A lot of peripherals are removable (USB, Firewire, PCMCIA, hotpluggable PCI, etc.). Furthermore a system installation might be moved to new hardware if the old hardware failed or had to be upgraded. Linux distributions tend to provide all the drivers that you might possibly need, preferring to waste a few megabytes of disk space rather than tell you “keyboard not recognized, press F1 to continue”¹ or “network adapter not recognized; downloading driver failed: network not reachable”².
Updates are offered for all the software you have installed. The package manager can't predict that you're never going to use some piece of software. The way to tell a package manager you don't want t piece of software is to install it.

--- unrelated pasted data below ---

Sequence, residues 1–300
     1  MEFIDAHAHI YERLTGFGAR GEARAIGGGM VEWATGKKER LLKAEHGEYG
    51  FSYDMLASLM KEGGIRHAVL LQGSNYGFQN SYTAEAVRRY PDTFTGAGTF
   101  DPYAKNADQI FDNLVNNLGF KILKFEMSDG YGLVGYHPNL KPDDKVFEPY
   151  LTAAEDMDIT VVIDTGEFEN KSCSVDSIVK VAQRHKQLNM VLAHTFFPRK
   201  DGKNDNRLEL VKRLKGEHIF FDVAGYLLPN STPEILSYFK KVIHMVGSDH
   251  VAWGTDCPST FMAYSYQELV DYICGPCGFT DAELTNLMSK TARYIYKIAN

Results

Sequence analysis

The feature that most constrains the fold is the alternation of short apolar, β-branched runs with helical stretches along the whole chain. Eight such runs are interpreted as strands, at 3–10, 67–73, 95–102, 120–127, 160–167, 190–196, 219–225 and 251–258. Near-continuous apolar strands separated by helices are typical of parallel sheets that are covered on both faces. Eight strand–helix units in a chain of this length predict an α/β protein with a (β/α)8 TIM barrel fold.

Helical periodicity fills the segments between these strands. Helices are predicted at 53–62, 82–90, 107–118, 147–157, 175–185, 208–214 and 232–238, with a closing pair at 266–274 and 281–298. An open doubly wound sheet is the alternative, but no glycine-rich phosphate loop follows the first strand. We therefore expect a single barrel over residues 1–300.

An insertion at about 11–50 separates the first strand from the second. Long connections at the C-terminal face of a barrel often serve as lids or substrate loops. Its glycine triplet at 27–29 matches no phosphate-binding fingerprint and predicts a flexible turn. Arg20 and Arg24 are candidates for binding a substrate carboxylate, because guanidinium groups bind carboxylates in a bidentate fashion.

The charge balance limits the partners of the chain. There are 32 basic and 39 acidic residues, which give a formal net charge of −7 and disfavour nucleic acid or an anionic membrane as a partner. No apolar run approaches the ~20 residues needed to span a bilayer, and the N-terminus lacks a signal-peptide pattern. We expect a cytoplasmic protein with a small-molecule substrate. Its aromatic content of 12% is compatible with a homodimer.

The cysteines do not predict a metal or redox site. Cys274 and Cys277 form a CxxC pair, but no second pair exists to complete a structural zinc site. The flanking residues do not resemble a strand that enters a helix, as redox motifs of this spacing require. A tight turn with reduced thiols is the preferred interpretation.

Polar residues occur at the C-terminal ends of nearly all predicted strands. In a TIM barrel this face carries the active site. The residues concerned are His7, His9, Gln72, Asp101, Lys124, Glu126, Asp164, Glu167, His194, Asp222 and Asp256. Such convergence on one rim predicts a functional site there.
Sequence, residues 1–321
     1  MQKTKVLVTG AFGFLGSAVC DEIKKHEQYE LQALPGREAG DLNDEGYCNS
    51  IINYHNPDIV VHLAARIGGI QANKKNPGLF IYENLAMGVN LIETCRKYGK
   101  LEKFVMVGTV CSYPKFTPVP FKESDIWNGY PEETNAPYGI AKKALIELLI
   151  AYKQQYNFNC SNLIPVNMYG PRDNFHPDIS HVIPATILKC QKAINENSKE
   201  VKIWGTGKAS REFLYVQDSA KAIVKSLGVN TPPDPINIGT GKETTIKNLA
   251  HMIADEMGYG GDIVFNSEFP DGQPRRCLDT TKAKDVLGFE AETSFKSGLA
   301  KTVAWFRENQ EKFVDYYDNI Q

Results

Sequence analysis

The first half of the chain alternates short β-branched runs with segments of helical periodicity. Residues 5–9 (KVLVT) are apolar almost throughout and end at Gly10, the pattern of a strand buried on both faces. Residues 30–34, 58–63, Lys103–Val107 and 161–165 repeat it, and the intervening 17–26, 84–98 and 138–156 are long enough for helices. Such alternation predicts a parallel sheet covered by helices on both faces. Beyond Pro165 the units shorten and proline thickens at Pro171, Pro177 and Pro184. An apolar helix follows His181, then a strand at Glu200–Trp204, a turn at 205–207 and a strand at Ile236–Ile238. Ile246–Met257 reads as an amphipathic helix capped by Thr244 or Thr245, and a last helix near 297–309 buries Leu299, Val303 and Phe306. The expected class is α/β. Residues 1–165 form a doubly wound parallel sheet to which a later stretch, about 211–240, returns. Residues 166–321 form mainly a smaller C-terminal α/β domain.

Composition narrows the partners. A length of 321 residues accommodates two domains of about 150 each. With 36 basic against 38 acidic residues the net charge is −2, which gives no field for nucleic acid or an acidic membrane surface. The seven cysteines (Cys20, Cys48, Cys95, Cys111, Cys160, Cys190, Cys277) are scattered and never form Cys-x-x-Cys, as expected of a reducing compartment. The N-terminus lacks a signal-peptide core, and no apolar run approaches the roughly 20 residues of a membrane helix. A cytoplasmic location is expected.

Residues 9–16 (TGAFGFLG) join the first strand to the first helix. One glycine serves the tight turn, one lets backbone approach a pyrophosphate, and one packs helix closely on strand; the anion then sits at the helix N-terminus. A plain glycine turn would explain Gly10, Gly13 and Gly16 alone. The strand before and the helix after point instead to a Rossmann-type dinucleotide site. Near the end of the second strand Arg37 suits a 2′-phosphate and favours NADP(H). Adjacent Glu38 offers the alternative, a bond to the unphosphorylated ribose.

If you're sure you aren't going to need some driver or some firmware — for example wifi on a server that's sitting on a rack or running in a virtual machine, then you can safely remove packages that provide add-on drivers and firmware. Never remove individual files, only RPM packages. If removing a package would also pull out some package whose role you don't understand, leave it alone.
¹ Seen on many BIOSes (paraphrased).
² Seen on Windows (paraphrased).